Title:
Method for mass producing whole-seed cracker
Kind Code:
A1


Abstract:
A method for mass producing whole-seed crackers as a dehydrated food product is provided. In one embodiment a raw food product is produced. Mucilage-producing whole seeds, preferably flax seeds, are soaked in water to cause them to produce a mucilage, but not long enough to cause them to sprout. They are then mixed with ground seeds, preferably sunflower seeds, and herbs, spices and vegetable flavors, to form a dough having a selected moisture content, and cooled to produce a dough that has a water content, viscosity, elasticity, tensile strength and cohesiveness such that when sheets of dough having a desired thickness come through the extruder they have a smooth texture, do not wrinkle or curl, hold together without tearing, and do not stick to surfaces of processing equipment with which they come into contact. The sheets are then scored to outline substantially regular-shaped crackers. The sheets are of a viscosity such that the score lines partially heal, so that when later broken along the score lines after drying, they produce crackers having a ragged edge. The scored sheets are dried at a temperature not exceeding 200° F. and in an embodiment of this invention, not exceeding raw-food processing temperatures, to produce a cracker which is crisp, but not brittle, with a slightly chewy texture.



Inventors:
Wendel, Brian (Santa Monica, CA, US)
Wendel, Josh (Boulder, CO, US)
Latimer, Skip (Broomfield, CO, US)
Krasomil, Thomas (Longmont, CO, US)
Vogel, Stephen (Englewood, CO, US)
Application Number:
11/218306
Publication Date:
04/27/2006
Filing Date:
09/01/2005
Assignee:
Jungle Enterprises, LLC (Santa Monica, CA, US)
Primary Class:
International Classes:
A21D10/00
View Patent Images:



Primary Examiner:
TOUSSAINT, DALILA
Attorney, Agent or Firm:
Leydig, Voit & Mayer, Ltd. (GS BOULDER) (Boulder, CO, US)
Claims:
1. A method for mass-producing whole-seed crackers comprising: a) soaking mucilage-producing whole seeds in water for a period of time necessary to cause said seeds to produce a mucilage, but not long enough to cause said seeds to sprout; b) mixing said seeds with ground seeds in the presence of sufficient water to form a dough having a moisture content between about 45% and about 55%; c) cooling said dough to a temperature greater than freezing, but less than about 45° F.; d) extruding said dough at said temperature to form a sheet; and e) drying said extruded dough at a temperature not exceeding about 200° F.; wherein said cooled dough has a water content, viscosity, elasticity, tensile strength and cohesiveness sufficient that when sheets of dough come through the extruder, they have a smooth texture, do not wrinkle or curl, hold together without tearing, and do not stick to surfaces of processing equipment with which they come into contact.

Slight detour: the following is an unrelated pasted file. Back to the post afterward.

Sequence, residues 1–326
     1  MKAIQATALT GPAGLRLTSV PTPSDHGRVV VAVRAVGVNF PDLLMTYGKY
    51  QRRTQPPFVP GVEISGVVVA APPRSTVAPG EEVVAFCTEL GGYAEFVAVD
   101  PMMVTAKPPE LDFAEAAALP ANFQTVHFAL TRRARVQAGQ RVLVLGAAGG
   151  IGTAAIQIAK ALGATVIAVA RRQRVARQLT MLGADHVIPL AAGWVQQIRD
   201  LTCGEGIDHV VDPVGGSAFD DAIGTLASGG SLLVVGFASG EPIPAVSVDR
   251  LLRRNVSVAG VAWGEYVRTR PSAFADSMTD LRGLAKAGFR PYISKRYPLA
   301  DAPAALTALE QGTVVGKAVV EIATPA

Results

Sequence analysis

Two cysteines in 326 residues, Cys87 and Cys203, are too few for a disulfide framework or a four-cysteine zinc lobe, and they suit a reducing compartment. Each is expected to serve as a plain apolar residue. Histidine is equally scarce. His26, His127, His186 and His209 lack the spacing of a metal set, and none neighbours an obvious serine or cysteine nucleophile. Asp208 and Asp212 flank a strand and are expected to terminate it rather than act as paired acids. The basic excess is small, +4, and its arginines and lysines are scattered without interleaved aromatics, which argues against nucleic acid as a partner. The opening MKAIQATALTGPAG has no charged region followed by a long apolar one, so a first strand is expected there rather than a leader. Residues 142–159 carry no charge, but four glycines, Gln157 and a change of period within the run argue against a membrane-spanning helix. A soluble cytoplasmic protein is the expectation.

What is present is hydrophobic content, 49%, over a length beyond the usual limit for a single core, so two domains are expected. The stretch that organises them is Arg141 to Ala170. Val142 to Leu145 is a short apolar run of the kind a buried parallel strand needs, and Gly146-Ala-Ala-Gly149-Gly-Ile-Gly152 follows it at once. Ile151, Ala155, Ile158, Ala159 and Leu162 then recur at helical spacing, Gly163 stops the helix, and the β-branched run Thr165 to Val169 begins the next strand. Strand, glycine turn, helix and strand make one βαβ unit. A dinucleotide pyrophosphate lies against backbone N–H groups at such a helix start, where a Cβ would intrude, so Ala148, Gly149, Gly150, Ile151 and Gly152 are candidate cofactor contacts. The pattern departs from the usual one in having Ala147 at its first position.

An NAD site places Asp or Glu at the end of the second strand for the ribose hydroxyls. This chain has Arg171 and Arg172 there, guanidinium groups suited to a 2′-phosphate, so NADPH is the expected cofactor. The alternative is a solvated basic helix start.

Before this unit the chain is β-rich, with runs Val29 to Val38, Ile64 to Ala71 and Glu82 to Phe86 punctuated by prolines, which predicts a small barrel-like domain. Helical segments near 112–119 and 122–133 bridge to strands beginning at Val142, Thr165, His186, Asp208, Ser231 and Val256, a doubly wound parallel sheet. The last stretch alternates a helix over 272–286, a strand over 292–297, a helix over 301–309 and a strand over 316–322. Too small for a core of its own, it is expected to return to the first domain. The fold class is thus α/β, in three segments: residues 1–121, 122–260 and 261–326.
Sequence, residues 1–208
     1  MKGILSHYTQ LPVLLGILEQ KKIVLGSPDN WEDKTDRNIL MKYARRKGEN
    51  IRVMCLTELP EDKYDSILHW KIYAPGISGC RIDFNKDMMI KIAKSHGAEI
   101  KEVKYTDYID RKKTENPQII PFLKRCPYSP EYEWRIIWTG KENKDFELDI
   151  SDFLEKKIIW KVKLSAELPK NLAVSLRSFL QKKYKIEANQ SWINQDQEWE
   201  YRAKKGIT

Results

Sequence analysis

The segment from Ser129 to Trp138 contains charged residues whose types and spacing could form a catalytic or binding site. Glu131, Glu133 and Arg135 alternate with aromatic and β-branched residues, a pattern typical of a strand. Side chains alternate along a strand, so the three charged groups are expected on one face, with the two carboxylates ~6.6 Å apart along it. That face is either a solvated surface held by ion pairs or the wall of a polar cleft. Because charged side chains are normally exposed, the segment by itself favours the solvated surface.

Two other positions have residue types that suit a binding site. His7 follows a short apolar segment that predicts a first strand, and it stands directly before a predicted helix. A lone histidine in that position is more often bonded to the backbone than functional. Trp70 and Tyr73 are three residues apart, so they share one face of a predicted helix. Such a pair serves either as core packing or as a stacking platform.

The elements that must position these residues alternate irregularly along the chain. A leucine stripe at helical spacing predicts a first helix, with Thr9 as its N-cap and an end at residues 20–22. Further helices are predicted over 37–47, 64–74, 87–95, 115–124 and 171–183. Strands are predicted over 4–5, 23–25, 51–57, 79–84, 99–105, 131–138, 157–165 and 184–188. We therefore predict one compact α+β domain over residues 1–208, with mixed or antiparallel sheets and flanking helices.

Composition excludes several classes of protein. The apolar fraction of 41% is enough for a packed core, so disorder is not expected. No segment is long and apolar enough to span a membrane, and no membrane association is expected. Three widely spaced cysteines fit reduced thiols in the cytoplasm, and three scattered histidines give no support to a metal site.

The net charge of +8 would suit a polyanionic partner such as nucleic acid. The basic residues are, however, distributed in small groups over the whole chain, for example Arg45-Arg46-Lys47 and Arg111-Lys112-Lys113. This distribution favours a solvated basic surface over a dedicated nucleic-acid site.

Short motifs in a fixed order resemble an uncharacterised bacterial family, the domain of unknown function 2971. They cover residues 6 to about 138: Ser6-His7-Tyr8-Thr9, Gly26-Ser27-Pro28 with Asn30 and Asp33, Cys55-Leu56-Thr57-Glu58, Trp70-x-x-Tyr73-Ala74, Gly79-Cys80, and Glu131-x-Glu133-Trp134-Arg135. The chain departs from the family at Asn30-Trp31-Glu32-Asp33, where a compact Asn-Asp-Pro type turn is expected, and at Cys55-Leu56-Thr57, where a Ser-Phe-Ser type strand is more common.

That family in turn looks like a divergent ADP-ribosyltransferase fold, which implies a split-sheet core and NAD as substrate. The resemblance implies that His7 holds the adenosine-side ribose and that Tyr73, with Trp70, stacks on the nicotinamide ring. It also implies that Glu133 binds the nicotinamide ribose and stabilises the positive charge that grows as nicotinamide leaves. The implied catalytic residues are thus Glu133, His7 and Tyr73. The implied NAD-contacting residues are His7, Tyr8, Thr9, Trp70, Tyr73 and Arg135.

2. The method of claim 1 wherein said drying step is performed at a temperature not exceeding about 120° F.

3. The method of claim 1 wherein said drying temperature is between about 102° F. and about 120° F.

4. The method of claim 1 wherein said drying temperature is between about 105° F. and about 109° F.

5. The method of claim 1 wherein said whole mucilage-producing seeds are selected from the group consisting of edible seeds of the genus Linum, edible seeds of the genus Plantago, chias, and mixtures thereof.

6. The method of claim 1 wherein said ground seeds are selected from the group consisting of sunflower seeds, pumpkin seeds, and edible portions of nuts, and mixtures thereof.

7. The method of claim 1 comprising extruding said dough through a slit that is sized to form a sheet of desired uniform thickness.

8. The method of claim 7 wherein said thickness is between about 0.070 and about 0.090 inches.

9. The method of claim 1 wherein humidity during said drying step is controlled at between about 10% and about 20%.

10. The method of claim 1 wherein said drying step is performed until said cracker has a crisp, non-brittle texture.

11. The method of claim 10 wherein said drying step is performed for a period between about 3 and about 12 hours.

12. The method of claim 1 for producing whole-seed crackers having a substantially regular shape comprising scoring said sheet to produce score lines in said sheet corresponding to the desired shape of said crackers.

13. The method of claim 12 wherein said scoring produces machine-direction and cross-direction lines and the desired shape of said crackers is rectangular or square.

14. The method of claim 12 also comprising breaking the scored sheet to form crackers having a ragged edge.

15. The method of claim 14 where said breaking is done by passing said sheet through a breaking component that causes the sheet to change direction, thereby stressing said sheet along said cross-direction or machine-direction score lines and causing the sheet to break along the stressed score line; and thereafter passing said broken sheet through a breaking component that causes the sheet to change direction, thereby stressing the sheet along the remaining unbroken score lines and causing the sheet to further break along these score lines, thereby forming rectangular or square crackers.

16. A cracker made by the method of claim 1 having a substantially regular square or rectangular shape.